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Duncan Scott

Human Resources

Harness the Olympic spirit for sustainable success

Published 30 July 2021 in Human Resources • 5 min read

A victory-at-all-costs mindset is counterproductive. Olympians show how collaboration can help companies and society thrive.

British swimmer Duncan Scott went into the finals of the men’s 200m freestyle at the Tokyo Olympics as the fastest in the world this week. But he was barely a fingertip behind by his teammate Tom Dean who won gold.

Speaking after the race, Scott showed remarkable sportsmanship, telling the BBC: “Just a massive credit to Tom Dean, that was unbelievable. Olympic champion. He’s come along so far in the last 18 months, it’s a pleasure to watch. It’s great to be able to say he’s a good mate out of the pool. It’s great being able to compete against him as well.”

Scott’s attitude exemplifies the Olympic spirit, based upon the principles of Baron Pierre de Coubertin, the founder of the modern Olympic Games. He believed that, “the most important thing in the Olympic Games is not winning but taking part; the essential thing in life is not conquering but fighting well”.

Constantly striving in the endless pursuit of progress has exhausted both people and the planet

Just like in the business world, the sports world still focuses on creating a community that enables athletes to participate and to perform together, including nutritionists, doctors, coaches, officials and family, who collaborate to empower an athlete to thrive.

It’s the basis of the Olympic Oath, which was updated this year to emphasize equality, inclusion, the fight against discrimination and collaborating together to help make the world a better place through sport.

It’s an intent that translates to the business world. Too often, organizations are driven by winning at all costs at the expense of their competitors and employees. Wellbeing in the workplace and the stresses of remote work are coming into sharper focus. We also see more cases of sportspeople sharing their mental struggles, and putting their sanity before success as prescribed by others.

Organizations operating under an ego-based approach create an imbalance that negatively impacts wider society in terms of  performance and sustainability . Constantly striving in the endless pursuit of progress has exhausted both people and the planet. That’s why, with the global challenges the world currently faces, the definition of success needs to shift from domination to collaboration.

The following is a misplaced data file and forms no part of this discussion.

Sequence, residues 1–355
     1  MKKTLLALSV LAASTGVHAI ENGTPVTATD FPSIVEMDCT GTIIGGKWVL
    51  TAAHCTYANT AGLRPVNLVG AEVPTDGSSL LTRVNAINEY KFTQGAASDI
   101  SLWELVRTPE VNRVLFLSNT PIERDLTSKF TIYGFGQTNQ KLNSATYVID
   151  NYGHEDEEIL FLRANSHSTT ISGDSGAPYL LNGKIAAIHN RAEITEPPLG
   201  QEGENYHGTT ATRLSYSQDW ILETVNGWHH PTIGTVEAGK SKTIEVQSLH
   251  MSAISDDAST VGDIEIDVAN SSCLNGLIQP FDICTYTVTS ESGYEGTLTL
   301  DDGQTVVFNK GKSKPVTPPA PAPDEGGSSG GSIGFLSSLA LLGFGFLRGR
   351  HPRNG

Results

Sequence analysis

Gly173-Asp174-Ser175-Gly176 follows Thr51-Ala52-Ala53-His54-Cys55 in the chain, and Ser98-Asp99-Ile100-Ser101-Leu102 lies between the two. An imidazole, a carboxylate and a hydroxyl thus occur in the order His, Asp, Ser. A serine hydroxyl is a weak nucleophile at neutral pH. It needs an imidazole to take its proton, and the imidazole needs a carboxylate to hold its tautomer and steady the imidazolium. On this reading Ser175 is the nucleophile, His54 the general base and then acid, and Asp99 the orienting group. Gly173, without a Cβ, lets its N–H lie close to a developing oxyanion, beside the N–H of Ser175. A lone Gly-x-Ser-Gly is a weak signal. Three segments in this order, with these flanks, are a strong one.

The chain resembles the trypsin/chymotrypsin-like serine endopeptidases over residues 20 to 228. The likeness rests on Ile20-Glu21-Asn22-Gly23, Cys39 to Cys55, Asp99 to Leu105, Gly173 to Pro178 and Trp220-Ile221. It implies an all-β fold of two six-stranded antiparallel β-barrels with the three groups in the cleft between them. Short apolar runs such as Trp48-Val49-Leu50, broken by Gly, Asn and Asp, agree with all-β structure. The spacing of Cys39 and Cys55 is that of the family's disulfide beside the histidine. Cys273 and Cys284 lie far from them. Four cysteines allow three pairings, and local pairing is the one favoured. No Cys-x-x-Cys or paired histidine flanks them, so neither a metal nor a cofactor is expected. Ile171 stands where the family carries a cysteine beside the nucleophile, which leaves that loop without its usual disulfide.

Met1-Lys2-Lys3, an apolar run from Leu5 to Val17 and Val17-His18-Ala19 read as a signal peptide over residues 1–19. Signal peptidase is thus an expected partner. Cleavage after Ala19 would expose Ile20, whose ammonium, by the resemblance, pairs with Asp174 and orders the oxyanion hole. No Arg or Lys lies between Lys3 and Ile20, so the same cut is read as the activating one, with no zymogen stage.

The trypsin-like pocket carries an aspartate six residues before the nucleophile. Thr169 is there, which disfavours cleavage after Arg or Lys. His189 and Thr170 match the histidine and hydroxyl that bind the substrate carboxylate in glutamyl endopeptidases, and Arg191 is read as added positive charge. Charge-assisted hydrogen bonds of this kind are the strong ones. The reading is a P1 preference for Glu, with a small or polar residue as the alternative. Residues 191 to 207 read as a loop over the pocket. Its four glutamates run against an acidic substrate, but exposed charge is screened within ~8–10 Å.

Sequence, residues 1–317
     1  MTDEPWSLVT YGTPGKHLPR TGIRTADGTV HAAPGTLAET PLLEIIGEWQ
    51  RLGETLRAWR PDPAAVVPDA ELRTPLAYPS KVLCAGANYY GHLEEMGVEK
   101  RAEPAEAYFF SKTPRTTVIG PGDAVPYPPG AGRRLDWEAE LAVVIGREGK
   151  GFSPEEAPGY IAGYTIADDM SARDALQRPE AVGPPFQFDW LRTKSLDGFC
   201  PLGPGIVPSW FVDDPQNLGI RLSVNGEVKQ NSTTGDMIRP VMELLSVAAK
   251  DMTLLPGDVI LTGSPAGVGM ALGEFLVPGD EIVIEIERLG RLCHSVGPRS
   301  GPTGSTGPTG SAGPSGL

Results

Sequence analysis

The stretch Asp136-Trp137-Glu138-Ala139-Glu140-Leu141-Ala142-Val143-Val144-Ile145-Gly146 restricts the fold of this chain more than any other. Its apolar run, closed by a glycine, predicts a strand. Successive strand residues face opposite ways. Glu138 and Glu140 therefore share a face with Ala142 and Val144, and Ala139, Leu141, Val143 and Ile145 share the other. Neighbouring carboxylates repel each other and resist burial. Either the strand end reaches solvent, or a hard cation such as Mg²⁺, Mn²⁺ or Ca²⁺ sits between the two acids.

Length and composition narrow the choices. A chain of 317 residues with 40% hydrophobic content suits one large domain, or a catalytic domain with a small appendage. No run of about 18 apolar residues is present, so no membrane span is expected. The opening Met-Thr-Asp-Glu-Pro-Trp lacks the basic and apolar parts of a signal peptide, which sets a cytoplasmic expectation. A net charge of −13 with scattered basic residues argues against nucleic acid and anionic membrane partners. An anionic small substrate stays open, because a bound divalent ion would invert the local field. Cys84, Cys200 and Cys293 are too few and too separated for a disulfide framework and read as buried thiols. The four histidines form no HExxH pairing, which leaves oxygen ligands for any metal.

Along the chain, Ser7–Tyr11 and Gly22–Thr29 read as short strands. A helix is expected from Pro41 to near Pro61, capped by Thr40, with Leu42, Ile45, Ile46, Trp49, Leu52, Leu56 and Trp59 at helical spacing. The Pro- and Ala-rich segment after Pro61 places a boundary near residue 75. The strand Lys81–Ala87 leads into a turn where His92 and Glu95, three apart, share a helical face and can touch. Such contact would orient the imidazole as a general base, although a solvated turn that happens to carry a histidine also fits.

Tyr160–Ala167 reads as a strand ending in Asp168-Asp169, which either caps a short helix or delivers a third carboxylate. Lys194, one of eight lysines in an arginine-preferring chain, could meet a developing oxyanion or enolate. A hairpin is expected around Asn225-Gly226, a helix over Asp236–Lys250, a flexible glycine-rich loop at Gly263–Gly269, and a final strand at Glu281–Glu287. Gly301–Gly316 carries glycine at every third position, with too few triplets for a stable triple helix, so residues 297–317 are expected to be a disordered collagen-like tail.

There are five ways that leaders can empower teams of all sizes to thrive and build healthier, more sustainable performances over time.

Harness the Olympic spirit for sustainable success
“When we look for what connects us rather than what divides us, we are lifted and inspired to be better versions of ourselves”

1. Start seeing the world as a living system

Leaders must look at the bigger picture: how the company connects and contributes (either positively or negatively) to the world, across the multiple areas highlighted by the 17 United Nations Sustainable Development Goals. Now is the time to recognize that we are a part of earth, not apart from it.

When we truly awaken to the impacts of our linear economy and endless pursuit of profit, it can be easy to feel a sense of despair. Instead of facing up to the reality of the situation, we can slip into denial or distraction, neither of which are the responses needed in these times. Instead, we need to open up dialogue within and across people, teams, organizations, industries, governments: we are all in this together. 

2. Shift away from winning to thriving

Sportspeople understand that trophies do not define them, even though it’s a disappointment when the champion’s moment is elusive. Take the example of England footballer Marcus Rashford, whose missed kick during a penalty shoot-out at the recent Euro final against Italy sparked a litany of criticism following England’s defeat.